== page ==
Posted by Smokey Stoverf on April 08, 2006
In Reply to: High, wide and handsome posted by Smokey Stover on April 07, 2006
: : : : Anybody heard the phrase "high, wide and handsome" to know where it comes from? I have a definition which means "successfully, masterfully, triumphantly." Origin unknown. But my context is "You still check as to whether or not we haven't busted this thing high, wide and handsome." I get the idea of a bomb or explosion of some kind blowing something up. But wanted to know if anyone had any more concrete information rather than just speculation, although I'll take the speculation too.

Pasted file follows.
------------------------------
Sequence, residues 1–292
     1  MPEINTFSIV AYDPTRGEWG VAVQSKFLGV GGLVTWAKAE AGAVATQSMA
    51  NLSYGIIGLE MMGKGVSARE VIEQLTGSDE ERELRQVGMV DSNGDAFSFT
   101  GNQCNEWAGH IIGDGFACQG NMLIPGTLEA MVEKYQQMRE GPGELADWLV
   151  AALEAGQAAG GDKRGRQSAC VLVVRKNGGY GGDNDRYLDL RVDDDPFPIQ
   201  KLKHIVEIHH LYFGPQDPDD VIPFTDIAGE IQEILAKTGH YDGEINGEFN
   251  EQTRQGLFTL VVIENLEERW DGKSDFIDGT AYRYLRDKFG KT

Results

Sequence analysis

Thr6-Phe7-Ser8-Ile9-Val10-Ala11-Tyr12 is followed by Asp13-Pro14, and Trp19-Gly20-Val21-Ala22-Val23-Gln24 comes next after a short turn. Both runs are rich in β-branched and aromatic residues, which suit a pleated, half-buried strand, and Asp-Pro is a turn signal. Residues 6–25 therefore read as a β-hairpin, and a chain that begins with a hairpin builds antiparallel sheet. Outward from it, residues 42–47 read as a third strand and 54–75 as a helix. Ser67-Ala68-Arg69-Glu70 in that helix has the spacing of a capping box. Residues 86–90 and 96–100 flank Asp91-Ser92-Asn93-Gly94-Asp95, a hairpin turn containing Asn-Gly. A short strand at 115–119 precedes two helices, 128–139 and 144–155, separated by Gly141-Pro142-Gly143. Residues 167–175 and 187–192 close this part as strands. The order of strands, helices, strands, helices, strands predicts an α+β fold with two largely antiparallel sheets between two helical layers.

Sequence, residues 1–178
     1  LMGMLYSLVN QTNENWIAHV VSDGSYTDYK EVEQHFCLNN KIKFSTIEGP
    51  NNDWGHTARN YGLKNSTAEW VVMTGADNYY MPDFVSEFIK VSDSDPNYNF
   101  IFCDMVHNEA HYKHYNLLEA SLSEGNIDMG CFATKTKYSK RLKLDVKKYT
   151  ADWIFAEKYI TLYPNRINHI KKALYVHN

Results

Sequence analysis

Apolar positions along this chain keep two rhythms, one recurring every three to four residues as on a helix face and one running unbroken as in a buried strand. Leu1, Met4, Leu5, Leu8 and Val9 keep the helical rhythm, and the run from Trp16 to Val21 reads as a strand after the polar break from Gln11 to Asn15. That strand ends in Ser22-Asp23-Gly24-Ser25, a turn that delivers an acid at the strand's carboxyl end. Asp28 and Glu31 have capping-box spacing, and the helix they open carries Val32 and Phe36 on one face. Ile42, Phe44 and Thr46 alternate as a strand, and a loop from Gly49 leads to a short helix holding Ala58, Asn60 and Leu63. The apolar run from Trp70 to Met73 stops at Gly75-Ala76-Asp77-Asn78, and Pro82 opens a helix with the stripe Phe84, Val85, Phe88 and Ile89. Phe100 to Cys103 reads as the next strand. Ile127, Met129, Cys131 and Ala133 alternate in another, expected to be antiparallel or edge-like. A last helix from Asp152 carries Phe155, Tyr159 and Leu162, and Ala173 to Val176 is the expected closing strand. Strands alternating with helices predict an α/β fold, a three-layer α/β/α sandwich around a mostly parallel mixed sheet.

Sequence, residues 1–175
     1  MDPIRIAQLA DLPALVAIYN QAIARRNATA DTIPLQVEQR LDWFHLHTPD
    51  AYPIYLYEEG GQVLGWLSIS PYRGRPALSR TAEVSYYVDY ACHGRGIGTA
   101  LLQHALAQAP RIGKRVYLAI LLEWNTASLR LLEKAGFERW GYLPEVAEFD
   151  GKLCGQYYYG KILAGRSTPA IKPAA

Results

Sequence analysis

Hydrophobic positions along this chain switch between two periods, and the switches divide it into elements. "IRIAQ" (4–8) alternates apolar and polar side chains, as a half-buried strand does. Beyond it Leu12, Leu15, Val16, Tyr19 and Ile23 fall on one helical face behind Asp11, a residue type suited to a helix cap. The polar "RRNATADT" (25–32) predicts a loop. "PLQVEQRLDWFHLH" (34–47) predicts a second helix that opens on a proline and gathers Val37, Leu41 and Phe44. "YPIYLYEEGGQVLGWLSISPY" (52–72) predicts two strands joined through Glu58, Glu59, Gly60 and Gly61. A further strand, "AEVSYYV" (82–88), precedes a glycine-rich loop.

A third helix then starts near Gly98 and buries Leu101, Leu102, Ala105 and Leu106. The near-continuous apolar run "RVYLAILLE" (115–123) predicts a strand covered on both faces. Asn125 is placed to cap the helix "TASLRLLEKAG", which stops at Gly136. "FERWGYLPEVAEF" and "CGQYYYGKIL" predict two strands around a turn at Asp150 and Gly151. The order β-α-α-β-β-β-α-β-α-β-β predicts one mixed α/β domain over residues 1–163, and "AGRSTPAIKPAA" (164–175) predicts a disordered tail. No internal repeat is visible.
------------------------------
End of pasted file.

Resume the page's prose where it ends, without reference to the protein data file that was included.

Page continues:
: : : See
: : Gary, Thank you! I can't believe you dug that up! It's great!
: I share Rachel's amazement at Gary's knowledge of American lore and language. The reference to Philadelphia may be to the Strawbridge and Clothier store, but I wasn't around in 1905 so I can't be certain. I wasn't around Western New York then, either, "where they take out a lively colt, [and] the farmers say, 'he feels his oats,' and he comes down the road, 'high, wide and handsome.'" I've heard Western New York farmers say the former phrase often enough, but never the latter. Doesn't mean they didn't, but I never heard it. In my time, farmers would have thought that phrase very odd coming out of a farmer's mouth. SS
Mrs. Stover has informed me that the building in question was probably Lit Brothers, a department store across the street from Strawbridge & Clothier. SS